Work on radioactivity
The Curies became research workers at the School of Chemistry and Physics in Paris and there they began their pioneering work into invisible rays given off by uranium – a new phenomenon which had recently been discovered by Professor Henri Becquerel.
He had shown that the rays were able to pass through solid matter, fog and photographic film and caused air to conduct electricity.
Marie also noticed that samples of a mineral called pitchblende, which contains uranium ore, were a great deal more radioactive than the pure element uranium. Further work convinced her the very large readings she was getting could not be caused by uranium alone – there was something else in the pitchblende. Since nobody had ever found it before, it could only be present in tiny quantities, and it seemed to be very radioactive. Marie was convinced she had found a new chemical element – other scientists doubted her results.
Pierre and Marie Curie set about working to search for the unknown element. They ground up samples of pitchblende, dissolved them in acid, and began to separate the different elements present, using the standard analytical chemistry techniques of the time. Eventually, they extracted a black powder 330 times more radioactive than uranium, which they called polonium . Polonium was a new chemical element, atomic number 84.
When the Curies investigated further, they found that the liquid left behind after they had extracted polonium was still extremely radioactive. They realised that pitchblende contained another new element, far more radioactive than polonium, but present in even smaller quantities.
In 1898, the Curies published strong evidence supporting the existence of the new element – which they called radium – but they still had no sample of it. Pitchblende is an expensive mineral, because it contains valuable uranium, and Marie needed a lot of it.
She got in touch with a factory in Austria that removed the uranium from pitchblende for industrial use and bought several tonnes of the worthless waste product, which was even more radioactive than the original pitchblende, and was much cheaper. Marie set about processing the pitchblende to extract the tiny quantities of radium. This involved working on a much larger scale than before, with 20 kg batches of the mineral – grinding, dissolving, filtering, precipitating, collecting, redissolving, crystallising and recrystallising.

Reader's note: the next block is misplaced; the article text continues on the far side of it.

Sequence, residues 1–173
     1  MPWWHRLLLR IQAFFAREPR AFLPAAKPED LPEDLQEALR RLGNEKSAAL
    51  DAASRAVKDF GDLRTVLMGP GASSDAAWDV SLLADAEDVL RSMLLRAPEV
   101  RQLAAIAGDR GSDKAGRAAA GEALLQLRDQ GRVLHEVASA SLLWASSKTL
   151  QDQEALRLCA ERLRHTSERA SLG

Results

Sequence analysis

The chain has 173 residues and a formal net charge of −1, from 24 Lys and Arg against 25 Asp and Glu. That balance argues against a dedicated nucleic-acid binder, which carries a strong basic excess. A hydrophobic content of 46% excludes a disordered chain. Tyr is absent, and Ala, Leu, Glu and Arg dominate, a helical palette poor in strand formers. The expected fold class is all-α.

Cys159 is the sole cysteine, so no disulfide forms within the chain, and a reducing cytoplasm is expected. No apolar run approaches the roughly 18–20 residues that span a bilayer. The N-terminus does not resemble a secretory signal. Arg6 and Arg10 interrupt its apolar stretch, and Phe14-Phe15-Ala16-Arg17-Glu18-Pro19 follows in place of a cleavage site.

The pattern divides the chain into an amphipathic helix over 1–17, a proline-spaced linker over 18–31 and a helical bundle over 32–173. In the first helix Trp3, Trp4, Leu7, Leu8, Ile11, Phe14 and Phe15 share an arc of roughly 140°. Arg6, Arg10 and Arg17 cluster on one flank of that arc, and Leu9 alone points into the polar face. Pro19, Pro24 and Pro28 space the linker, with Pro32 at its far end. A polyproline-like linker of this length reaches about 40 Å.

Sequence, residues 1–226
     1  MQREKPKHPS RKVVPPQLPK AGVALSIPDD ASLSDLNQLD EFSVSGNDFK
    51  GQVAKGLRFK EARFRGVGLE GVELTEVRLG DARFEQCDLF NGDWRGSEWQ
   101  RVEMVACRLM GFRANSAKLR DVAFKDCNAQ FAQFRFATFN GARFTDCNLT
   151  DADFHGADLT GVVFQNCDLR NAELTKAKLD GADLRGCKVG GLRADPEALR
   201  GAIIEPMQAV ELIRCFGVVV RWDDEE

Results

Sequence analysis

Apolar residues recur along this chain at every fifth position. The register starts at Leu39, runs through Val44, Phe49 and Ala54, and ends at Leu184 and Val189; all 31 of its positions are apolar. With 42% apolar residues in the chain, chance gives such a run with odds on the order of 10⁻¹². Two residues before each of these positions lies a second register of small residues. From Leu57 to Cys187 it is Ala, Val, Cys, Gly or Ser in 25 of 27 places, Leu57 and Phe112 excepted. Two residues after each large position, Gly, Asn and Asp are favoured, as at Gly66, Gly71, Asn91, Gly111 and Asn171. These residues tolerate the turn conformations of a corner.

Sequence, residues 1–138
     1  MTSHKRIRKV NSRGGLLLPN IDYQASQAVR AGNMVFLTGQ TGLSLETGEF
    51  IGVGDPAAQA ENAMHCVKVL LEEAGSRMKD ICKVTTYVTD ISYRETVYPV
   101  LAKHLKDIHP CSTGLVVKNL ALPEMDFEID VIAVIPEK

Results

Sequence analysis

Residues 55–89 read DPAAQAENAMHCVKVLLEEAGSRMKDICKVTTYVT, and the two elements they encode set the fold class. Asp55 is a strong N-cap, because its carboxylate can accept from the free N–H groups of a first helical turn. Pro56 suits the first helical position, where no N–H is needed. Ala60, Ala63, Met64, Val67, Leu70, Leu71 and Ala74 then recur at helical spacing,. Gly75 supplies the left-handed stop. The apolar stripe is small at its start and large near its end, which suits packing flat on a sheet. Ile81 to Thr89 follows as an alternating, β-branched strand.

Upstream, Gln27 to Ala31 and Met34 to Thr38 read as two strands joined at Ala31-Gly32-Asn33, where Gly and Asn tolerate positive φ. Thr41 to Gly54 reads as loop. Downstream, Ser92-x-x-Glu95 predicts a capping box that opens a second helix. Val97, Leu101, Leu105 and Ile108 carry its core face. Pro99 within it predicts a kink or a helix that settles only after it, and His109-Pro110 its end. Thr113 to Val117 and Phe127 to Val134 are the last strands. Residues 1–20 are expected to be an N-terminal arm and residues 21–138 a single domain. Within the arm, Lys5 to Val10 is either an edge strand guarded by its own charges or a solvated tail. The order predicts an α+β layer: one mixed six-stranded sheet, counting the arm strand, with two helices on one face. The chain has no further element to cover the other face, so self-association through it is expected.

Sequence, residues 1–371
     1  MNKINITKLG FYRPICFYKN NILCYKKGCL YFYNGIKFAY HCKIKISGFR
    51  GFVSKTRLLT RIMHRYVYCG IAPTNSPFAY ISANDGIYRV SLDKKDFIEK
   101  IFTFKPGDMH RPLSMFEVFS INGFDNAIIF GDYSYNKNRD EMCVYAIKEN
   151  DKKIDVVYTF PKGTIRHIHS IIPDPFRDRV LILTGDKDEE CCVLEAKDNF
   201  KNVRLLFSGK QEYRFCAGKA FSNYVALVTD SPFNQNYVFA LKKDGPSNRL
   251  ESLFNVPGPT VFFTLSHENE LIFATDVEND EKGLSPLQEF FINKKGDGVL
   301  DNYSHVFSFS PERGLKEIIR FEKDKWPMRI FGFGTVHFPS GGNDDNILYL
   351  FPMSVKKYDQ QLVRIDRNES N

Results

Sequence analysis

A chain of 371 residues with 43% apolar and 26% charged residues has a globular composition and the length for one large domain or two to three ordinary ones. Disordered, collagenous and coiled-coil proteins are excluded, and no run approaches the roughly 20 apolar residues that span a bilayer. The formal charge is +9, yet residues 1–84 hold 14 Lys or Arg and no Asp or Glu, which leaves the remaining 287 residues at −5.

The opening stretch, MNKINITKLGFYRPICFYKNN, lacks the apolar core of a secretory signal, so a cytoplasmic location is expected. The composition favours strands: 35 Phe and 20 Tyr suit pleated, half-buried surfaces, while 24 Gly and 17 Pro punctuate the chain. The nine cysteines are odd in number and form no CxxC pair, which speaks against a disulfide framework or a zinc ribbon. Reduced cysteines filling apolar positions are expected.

The work was heavy and physically demanding – and involved dangers the Curies did not appreciate. During this time they began to feel sick and physically exhausted; today we can attribute their ill-health to the early symptoms of radiation sickness. At the time they persevered in ignorance of the risks, often with raw and inflamed hands because they were continually handling highly radioactive material.
In 1902 Marie eventually isolated radium (as radium chloride), determining its atomic weight as 225.93. The journey to the discovery had been long and arduous.
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Marie Curie ©Marie Curie was a Polish-born physicist and chemist and one of the most famous scientists of her time. Together with her husband Pierre, she was awarded the Nobel Prize in 1903, and she went on to win another in 1911.
Marie Sklodowska was born in Warsaw on 7 November 1867, the daughter of a teacher. In 1891, she went to Paris to study physics and mathematics at the Sorbonne where she met Pierre Curie, professor of the School of Physics. They were married in 1895.
The Curies worked together investigating radioactivity, building on the work of the German physicist Roentgen and the French physicist Becquerel. In July 1898, the Curies announced the discovery of a new chemical element, polonium. At the end of the year, they announced the discovery of another, radium. The Curies, along with Becquerel, were awarded the Nobel Prize for Physics in 1903.
Pierre's life was cut short in 1906 when he was knocked down and killed by a carriage. Marie took over his teaching post, becoming the first woman to teach at the Sorbonne, and devoted herself to continuing the work that they had begun together. She received a second Nobel Prize, for Chemistry, in 1911.
The Curie's research was crucial in the development of x-rays in surgery. During World War One Curie helped to equip ambulances with x-ray equipment, which she herself drove to the front lines. The International Red Cross made her head of its radiological service and she held training courses for medical orderlies and doctors in the new techniques.
Despite her success, Marie continued to face great opposition from male scientists in France, and she never received significant financial benefits from her work. By the late 1920s her health was beginning to deteriorate. She died on 4 July 1934 from leukaemia, caused by exposure to high-energy radiation from her research. The Curies' eldest daughter Irene was herself a scientist and winner of the Nobel Prize for Chemistry.